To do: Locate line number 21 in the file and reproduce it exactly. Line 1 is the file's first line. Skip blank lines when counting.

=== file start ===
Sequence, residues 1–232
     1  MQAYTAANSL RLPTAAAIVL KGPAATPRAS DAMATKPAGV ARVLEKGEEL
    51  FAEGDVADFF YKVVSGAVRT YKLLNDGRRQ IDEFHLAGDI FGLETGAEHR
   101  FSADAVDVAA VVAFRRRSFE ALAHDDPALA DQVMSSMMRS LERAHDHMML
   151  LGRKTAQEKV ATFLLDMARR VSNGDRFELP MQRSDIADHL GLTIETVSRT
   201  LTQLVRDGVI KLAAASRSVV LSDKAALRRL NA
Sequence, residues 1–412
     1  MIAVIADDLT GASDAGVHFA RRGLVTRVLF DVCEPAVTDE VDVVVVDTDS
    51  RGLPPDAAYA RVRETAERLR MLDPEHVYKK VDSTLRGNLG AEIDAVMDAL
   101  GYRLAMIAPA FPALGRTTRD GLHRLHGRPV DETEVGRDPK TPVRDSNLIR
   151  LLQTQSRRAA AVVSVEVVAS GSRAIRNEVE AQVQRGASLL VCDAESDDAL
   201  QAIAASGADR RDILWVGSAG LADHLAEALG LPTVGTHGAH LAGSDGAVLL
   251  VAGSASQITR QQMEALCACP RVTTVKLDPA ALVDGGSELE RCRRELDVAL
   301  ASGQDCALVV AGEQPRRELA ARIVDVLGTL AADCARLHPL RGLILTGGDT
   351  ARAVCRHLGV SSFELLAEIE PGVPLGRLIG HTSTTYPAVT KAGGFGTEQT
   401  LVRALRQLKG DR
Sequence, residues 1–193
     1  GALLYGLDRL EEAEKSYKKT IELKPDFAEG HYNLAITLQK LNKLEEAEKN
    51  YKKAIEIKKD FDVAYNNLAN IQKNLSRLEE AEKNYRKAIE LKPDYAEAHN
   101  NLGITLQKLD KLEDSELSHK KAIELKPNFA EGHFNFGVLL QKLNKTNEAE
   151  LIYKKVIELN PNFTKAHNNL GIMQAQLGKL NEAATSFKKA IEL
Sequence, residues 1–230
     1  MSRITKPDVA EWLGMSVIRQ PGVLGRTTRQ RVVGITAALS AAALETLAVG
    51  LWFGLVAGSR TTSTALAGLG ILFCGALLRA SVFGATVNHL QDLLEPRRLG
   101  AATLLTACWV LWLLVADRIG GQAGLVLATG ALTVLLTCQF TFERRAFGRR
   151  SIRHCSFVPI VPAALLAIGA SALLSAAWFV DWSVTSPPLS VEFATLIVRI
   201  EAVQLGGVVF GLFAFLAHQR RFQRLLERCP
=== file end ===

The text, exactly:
   151  LIYKKVIELN PNFTKAHNNL GIMQAQLGKL NEAATSFKKA IEL